August 12, 2005
Summer program enriches minority students and MGH researchers
If flipflops and sunburns herald the arrival of summer to most of the
world, at an academic medical center the sign of the season might be the
influx of new students. Each year, the MGH welcomes scientific hopefuls
through a variety of programs for medical students, college students and
even high schoolers. Since 1991, talented minority students have vied
for 12 spots in the MGH Multicultural Affairs Office's highly regarded
Summer Research Trainee Program (SRTP) to the great benefit of
mentors and students alike.
MGH neurologist Mia MacCollin, MD, has been committed to teaching and mentoring young students since her days as a postdoctoral fellow at the MGH in the early 1990s. She's found the students she has mentored through the SRTP to be consistently excellent one of the reasons she's participated in the program for the past four years. MacCollin, who's particularly interested in helping to bring along the next generation of female scientists, says students have helped her grow as a researcher. "Designing good student projects and seeing them through takes a great deal of time and mental focus," MacCollin says. "Providing structure and guidance to these students has to be a priority, but with the commitment comes real reward."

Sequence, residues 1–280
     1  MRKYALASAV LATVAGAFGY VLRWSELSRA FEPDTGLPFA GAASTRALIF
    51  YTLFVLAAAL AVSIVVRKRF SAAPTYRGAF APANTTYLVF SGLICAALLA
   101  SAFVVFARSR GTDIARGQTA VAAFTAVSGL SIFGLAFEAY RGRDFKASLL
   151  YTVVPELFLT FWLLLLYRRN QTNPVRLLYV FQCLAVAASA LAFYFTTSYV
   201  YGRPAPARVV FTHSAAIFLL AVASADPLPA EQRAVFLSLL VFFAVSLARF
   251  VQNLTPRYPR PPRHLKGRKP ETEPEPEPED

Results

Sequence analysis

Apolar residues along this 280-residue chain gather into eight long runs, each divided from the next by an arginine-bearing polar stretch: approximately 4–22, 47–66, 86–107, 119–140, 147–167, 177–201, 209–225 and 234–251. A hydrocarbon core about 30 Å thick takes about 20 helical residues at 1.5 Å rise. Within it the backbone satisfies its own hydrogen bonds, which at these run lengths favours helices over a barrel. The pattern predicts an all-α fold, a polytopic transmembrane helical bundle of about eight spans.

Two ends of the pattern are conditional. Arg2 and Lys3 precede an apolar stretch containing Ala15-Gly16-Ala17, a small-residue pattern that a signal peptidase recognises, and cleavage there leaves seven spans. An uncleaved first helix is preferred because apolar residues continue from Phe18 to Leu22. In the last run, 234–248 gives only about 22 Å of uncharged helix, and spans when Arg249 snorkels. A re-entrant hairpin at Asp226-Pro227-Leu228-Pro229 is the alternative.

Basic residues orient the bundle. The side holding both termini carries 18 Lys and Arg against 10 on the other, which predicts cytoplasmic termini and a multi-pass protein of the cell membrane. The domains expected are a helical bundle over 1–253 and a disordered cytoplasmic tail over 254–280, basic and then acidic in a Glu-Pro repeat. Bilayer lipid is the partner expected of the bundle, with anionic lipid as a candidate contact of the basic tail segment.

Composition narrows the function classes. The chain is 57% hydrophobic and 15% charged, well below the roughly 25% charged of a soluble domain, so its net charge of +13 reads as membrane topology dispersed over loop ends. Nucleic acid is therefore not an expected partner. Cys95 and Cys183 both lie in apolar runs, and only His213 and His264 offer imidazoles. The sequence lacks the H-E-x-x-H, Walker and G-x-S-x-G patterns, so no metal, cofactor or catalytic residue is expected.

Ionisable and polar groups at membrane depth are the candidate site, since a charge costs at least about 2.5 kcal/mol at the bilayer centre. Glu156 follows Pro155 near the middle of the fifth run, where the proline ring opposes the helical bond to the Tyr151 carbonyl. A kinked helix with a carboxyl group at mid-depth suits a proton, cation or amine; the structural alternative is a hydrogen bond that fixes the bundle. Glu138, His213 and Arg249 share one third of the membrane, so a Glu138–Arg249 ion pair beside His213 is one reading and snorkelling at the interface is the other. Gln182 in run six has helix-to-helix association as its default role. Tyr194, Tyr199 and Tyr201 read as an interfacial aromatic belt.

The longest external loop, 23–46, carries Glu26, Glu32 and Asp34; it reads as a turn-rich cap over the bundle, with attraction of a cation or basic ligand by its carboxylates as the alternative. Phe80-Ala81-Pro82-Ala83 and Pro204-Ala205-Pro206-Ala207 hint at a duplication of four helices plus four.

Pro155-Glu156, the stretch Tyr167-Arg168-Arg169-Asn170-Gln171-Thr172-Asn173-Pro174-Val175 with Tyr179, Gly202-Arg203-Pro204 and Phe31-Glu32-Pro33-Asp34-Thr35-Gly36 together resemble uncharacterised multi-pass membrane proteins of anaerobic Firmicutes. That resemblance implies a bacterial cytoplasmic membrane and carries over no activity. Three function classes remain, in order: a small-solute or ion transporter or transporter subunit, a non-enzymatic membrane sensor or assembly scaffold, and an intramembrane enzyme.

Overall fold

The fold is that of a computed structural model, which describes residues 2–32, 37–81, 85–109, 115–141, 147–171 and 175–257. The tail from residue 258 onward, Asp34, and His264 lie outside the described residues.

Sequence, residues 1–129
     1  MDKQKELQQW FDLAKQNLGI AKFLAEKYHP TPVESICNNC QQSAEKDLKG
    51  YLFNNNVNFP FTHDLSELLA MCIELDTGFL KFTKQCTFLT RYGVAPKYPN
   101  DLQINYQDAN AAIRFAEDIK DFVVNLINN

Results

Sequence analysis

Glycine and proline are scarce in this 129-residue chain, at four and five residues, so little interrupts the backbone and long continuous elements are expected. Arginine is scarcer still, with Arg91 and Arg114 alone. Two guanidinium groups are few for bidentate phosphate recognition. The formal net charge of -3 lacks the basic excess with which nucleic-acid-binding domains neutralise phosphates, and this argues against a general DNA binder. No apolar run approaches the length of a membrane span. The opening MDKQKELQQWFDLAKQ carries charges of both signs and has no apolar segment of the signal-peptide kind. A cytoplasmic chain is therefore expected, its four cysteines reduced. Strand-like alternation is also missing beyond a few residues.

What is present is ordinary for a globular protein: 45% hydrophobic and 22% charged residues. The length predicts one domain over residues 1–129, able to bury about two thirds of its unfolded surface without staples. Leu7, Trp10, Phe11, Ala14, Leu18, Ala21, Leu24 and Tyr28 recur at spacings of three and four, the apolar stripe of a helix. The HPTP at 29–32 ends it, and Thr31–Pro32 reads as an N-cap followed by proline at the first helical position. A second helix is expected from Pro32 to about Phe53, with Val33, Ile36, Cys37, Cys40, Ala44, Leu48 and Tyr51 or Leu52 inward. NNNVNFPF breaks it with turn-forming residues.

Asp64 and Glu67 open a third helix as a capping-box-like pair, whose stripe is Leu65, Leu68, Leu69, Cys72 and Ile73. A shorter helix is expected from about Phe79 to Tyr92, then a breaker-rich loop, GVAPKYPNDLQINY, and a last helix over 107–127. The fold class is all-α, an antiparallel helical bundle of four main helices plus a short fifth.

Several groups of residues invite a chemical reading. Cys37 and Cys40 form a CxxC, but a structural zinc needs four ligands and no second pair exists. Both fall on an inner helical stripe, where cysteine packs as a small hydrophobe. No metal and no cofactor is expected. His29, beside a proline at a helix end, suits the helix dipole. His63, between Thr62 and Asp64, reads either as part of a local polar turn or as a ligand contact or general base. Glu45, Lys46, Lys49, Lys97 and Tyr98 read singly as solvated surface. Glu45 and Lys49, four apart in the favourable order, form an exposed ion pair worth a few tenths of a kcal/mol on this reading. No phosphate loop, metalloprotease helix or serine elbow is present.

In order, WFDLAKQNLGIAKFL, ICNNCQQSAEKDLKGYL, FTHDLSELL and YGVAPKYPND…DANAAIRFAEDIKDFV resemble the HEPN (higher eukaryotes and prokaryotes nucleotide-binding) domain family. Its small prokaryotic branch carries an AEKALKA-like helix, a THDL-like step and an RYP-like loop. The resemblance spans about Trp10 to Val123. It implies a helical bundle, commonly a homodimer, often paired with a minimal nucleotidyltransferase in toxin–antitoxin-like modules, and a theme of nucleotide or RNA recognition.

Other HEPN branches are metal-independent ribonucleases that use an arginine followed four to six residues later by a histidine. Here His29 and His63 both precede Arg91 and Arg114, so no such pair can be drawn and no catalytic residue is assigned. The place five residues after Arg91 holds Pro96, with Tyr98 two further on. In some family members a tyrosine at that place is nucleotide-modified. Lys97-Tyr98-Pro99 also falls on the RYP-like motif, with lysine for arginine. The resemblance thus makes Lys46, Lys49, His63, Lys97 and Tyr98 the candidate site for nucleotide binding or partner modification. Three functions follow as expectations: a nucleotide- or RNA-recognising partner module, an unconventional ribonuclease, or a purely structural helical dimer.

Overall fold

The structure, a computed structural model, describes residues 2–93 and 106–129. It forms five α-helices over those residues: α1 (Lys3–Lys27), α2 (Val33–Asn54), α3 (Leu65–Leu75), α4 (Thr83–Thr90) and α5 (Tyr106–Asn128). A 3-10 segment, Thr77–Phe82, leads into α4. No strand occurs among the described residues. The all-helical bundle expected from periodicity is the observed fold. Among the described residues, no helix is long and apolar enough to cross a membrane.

This summer, MacCollin has had an MIT undergraduate, Andria Balogh, in
her lab. Under MacCollin's supervision, Balogh worked to isolate genetic
markers in schwannomatosis, a hereditary disorder characterized by the
growth of nerve tumors. Other SRTP students have done projects in emergency
medicine, general medicine, infectious disease, molecular biology, neurosurgery,
orthopædics and pediatric health policy.
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